I’ve a piece in the June issue of The American Prospect on this summer’s Lilith Fair revival:
In 1998 and 1999, the festival featured a slightly more diverse lineup both racially and musically. But as the decade came to a close, there was little room in the mainstream for the kind of music Lilith was promoting. The charts were populated by a rush of young, single-sex pop groups like *NSYNC and Destiny’s Child — spawned by the success of the Spice Girls — and what McLachlan called “angry white male middle-class rock bands.”
Today, pop groups have fallen out of favor (although the now-defunct Destiny’s Child and *NSYNC spawned solo superstars Beyoncé and Justin Timberlake), and the angry white male middle-class rock bands aren’t producing many top-10 hits. For the most part, the biggest hits in 2010 are in the pop and hip-hop genres, which influence each other so much as to be almost indistinguishable at times.
While hip-hop is dominated by men — perhaps more so now than at any other time in its history — women own pop. No wonder Lady Gaga, who has had five top-five hits in the past three years, proclaims, “I’m a free bitch, baby.” Beyoncé’s 2008 album I Am…Sasha Fierce became her third to debut at No. 1 in the U.S. and won five Grammys, including Song of the Year for “Single Ladies.” And country singer Taylor Swift made a major crossover into pop after her 2008 album, Fearless, sat atop the Billboard 200 chart for 11 weeks, longer than any album released after 2000.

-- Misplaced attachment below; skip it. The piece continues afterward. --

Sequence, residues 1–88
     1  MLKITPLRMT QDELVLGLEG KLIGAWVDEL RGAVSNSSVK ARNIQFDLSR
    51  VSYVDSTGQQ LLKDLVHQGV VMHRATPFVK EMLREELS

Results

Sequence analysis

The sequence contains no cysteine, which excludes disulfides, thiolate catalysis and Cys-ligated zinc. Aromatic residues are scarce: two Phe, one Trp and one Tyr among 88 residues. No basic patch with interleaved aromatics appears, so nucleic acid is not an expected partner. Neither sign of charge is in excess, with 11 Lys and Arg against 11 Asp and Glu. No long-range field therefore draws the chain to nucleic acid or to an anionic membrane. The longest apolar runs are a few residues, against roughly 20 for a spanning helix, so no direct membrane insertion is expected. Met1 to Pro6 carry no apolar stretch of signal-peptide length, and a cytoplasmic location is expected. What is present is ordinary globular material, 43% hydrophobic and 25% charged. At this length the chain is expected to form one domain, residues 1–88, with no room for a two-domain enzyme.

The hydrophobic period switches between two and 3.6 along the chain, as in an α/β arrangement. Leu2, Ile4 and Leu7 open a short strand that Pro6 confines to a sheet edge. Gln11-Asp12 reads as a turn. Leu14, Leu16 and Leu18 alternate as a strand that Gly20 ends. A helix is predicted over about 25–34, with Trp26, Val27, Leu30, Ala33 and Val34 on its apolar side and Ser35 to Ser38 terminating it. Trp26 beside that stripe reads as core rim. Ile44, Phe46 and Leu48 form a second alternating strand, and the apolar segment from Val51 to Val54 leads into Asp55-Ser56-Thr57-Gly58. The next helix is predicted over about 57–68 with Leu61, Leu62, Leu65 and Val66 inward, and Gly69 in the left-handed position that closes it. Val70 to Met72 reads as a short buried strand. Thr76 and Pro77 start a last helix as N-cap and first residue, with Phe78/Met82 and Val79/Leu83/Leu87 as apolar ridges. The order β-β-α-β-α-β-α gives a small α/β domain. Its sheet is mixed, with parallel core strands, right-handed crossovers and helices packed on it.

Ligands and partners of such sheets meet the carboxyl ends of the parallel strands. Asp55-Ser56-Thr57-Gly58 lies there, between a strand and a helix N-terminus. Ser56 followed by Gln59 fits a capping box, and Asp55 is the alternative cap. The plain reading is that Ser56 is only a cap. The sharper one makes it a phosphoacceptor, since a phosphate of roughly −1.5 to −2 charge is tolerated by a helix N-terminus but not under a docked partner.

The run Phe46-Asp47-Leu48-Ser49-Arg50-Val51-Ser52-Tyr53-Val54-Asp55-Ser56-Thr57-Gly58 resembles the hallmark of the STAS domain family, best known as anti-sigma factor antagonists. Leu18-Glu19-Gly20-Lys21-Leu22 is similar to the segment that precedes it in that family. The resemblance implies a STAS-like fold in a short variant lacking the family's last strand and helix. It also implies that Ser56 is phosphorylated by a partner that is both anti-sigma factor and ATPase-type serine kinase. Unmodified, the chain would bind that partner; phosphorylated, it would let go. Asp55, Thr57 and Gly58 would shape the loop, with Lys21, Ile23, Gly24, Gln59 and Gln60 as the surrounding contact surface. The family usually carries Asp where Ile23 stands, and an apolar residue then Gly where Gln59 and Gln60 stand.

It might seem like an odd time to revive Lilith Fair — which is exactly what McLachlan is doing this summer. When she announced the first set of artists for 2010, she said it was “wonderful to see established and new artists alike have the opportunity to play in front of much larger or more diverse audiences than usual.”
But even the most ardent supporter of women in music could be forgiven for asking: In the era of Beyoncé, Lady Gaga, and Taylor Swift, do we really need, or even want, another Lilith Fair?
Read more at the Prospect.